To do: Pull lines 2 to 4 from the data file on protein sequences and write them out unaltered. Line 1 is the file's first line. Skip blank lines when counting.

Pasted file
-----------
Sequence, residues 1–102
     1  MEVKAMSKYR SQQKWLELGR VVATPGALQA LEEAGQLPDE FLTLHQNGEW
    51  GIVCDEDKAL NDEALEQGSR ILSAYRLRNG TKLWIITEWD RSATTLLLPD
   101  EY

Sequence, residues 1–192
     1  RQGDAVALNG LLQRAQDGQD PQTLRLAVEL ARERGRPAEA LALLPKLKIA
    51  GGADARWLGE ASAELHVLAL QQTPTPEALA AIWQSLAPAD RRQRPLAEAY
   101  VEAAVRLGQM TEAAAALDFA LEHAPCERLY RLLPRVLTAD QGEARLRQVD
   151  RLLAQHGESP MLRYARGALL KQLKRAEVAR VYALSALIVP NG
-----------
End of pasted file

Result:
     1  MEVKAMSKYR SQQKWLELGR VVATPGALQA LEEAGQLPDE FLTLHQNGEW
    51  GIVCDEDKAL NDEALEQGSR ILSAYRLRNG TKLWIITEWD RSATTLLLPD
   101  EY